NSAIDs and the acceleration of the arthritis process

NSAIDs Accelerate Osteoarthritis

NSAIDs are truly anti-inflammatory in their mechanism of action. Since all tissues heal by inflammation, one can see why long-term use of these medications will have harmful effects. Osteoarthritis and other chronic pain disorders are not an ibuprofen or other NSAID deficiency. Their chronic long-term use will not cure, and will actually hamper soft tissue healing and accelerate the arthritic process.

In my 2010 study that I referenced above, I concluded the research with these thoughts”

The lay public for whom NSAIDs are prescribed and recommended by both healthcare professionals and drug manufacturers should be aware that long-term NSAID use is detrimental to articular cartilage. Specifically, be informed that NSAIDs will likely worsen the osteoarthritis disease for which it is prescribed. Physicians, allied health care professionals, and drug manufacturers should be required to inform the lay public that NSAID use can accelerate osteoarthritis articular cartilage degeneration. A strict warning label on these medications should read as follows:

The use of this nonsteroidal anti-inflammatory medication has been shown in scientific studies to accelerate the articular cartilage breakdown in osteoarthritis. Use of this product poses a significant risk in accelerating osteoarthritis joint breakdown. Anyone using this product for the pain of osteoarthritis should be under a doctor’s care and use of this product should be with the very lowest dose and for the shortest possible duration of time.

One of the basic tenants of medicine is stated in the Hippocratic oath, “I will prescribe regimens for the good of my patients according to my ability and my judgment and never do harm to anyone.” For doctors to uphold this statement in the treatment of their osteoarthritis patients, it would necessitate the almost complete banning of the use of NSAIDs for this condition. If this does not occur, then most likely the exponential rise in degenerative arthritis and subsequent musculoskeletal surgeries, including knee and hip replacements, as well as spine surgeries, will continue for decades to come.”

If this article has helped you understand the role of NSAIDs in accelerating you need for joint replacement and would like to explore options to avoid surgery, get help and information from our specialists

 

Goulet JL, Buta E, Brennan M, Heapy A, Fraenkel L. Discontinuing a non-steroidal anti-inflammatory drug (NSAID) in patients with knee osteoarthritis: Design and protocol of a placebo-controlled, noninferiority, randomized withdrawal trial. Contemporary clinical trials. 2018 Feb 28;65:1-7. [Google Scholar]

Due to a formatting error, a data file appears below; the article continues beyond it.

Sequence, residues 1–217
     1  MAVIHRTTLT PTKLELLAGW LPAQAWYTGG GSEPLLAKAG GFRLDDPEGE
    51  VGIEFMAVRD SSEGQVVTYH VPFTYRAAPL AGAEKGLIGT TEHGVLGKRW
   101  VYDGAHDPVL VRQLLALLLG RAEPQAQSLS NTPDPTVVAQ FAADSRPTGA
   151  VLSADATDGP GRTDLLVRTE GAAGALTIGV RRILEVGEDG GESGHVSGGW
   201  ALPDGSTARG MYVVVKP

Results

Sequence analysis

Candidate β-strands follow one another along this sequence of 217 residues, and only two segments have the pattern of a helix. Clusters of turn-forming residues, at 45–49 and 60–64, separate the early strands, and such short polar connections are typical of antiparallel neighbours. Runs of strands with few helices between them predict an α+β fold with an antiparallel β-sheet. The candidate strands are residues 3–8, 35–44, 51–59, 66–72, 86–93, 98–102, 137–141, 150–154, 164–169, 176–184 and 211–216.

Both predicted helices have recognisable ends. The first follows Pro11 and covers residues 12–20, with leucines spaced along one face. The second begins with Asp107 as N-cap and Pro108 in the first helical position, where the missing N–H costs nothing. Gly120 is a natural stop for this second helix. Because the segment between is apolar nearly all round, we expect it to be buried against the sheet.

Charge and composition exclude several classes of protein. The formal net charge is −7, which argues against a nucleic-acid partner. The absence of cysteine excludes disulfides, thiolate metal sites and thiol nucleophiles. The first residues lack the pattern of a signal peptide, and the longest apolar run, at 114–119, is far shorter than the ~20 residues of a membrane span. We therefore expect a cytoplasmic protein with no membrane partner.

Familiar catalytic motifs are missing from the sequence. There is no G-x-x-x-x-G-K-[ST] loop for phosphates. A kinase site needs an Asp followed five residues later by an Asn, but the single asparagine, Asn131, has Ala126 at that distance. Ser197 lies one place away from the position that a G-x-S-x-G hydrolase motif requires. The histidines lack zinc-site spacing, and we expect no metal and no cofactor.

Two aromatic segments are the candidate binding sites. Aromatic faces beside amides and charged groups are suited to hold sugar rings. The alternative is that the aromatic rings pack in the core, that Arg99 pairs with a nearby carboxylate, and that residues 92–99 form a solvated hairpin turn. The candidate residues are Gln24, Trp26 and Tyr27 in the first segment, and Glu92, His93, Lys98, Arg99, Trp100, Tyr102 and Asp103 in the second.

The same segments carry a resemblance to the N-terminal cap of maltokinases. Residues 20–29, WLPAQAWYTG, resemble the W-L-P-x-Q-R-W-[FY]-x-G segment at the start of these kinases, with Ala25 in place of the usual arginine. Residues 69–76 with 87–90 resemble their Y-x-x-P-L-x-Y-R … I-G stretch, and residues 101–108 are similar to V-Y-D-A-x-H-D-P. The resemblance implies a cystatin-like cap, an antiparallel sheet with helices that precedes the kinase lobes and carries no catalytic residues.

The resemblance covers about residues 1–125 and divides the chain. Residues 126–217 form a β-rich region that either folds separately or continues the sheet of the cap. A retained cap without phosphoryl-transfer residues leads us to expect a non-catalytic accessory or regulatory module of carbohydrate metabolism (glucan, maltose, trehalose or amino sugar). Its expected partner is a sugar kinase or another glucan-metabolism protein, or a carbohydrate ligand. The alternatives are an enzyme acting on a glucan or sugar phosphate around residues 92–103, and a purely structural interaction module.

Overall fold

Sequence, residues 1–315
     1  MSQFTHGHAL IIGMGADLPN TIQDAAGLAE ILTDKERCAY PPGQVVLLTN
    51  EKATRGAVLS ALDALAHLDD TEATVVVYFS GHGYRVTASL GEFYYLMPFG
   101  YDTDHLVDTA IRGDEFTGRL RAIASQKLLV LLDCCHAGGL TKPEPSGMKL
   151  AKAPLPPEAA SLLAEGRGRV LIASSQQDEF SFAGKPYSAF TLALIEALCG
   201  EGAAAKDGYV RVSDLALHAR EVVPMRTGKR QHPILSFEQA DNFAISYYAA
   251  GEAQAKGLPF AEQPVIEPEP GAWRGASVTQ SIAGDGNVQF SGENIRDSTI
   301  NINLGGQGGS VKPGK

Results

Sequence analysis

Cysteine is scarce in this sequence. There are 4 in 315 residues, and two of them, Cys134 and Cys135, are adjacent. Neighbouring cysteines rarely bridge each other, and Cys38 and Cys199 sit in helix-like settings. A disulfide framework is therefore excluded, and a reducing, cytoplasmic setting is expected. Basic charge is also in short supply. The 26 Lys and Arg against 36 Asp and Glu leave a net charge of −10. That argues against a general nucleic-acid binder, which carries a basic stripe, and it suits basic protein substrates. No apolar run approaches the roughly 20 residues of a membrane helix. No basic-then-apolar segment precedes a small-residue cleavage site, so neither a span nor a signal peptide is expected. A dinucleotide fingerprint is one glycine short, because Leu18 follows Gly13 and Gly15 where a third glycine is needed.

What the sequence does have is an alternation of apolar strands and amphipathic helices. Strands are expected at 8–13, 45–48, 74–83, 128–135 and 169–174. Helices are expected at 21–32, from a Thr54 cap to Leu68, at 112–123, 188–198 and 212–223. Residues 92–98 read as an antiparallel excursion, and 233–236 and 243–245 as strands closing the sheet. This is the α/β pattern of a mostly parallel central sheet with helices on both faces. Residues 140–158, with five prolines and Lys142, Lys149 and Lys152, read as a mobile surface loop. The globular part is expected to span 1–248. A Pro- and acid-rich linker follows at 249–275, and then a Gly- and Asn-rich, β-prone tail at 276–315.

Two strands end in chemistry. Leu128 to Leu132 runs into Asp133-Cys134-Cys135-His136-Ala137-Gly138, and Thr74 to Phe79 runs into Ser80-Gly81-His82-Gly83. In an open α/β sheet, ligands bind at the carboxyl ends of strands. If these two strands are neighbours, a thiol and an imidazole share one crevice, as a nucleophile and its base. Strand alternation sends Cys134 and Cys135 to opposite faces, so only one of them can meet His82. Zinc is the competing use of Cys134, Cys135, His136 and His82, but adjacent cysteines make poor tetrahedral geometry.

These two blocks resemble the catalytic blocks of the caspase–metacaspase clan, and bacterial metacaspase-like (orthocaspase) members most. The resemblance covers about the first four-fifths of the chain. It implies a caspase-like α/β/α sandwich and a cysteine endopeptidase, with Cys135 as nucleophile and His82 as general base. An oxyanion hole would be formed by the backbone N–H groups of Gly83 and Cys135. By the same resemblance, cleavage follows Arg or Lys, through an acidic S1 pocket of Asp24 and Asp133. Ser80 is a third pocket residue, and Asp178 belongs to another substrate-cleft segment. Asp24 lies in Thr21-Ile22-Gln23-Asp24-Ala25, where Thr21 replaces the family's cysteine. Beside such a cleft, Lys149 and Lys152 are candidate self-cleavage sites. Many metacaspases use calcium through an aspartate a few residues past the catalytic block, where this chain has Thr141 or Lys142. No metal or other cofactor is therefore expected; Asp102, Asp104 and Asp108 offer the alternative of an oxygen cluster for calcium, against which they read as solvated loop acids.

Havelin J, Imbert I, Cormier J, Allen J, Porreca F, King T. Central Sensitization and Neuropathic Features of Ongoing Pain in a Rat Model of Advanced Osteoarthritis. J Pain. 2016 Mar;17(3):374-82. [Google Scholar]

3. Almekinders, L. An in vitro investigation into the effects of repetitive motion and nonsteroidal anti-inflammatory medication on human tendon fibroblasts. American Journal of Sports Medicine. 1995; 23:119-123. [Google Scholar]

4. Slatyer, M. A randomized controlled trial of Piroxicam in the management of acute ankle sprain in Australian regular army recruits. American Journal of Sports Medicine. 1997; 25:544-553. [Google Scholar]

 

Our Facebook Reviews
Our Facebook Reviews
Celebrating 25 years of Prolotherapy! Are you a good Prolotherapy candidate?
How Can We Help You?
First Name:
Last Name:
Phone:
Email:
Question:

Enter code:
captcha

SEARCH
for your symptoms

Prolotherapy, an alternative to surgery

Were you recommended SURGERY?
Get a 2nd opinion now!

WHY TO AVOID:
★ ★ ★ ★ ★We pride ourselves on 5-Star Patient Service!Come see why patients travel from all
over the world to visit our clinics.
Current Patients
Become a New Patient

Chicagoland Office
715 Lake St., Suite 600
Oak Park, IL 60301
(708) 393-8266 Phone
(855) 779-1950 Fax
Southwest Florida Office
9738 Commerce Center Ct.
Fort Myers, FL 33908
(239) 303-4069 Phone
(855) 779-1950 Fax Fort Myers, FL Office
We are an out-of-network provider.
© 2018 | All Rights Reserved | Disclaimer
National Prolotherapy Centers specializing in Comprehensive Prolotherapy,
Stem Cell Therapy, and Platelet Rich Plasma.

Meet our Prolotherapy Doctors and check out our Prolotherapy research.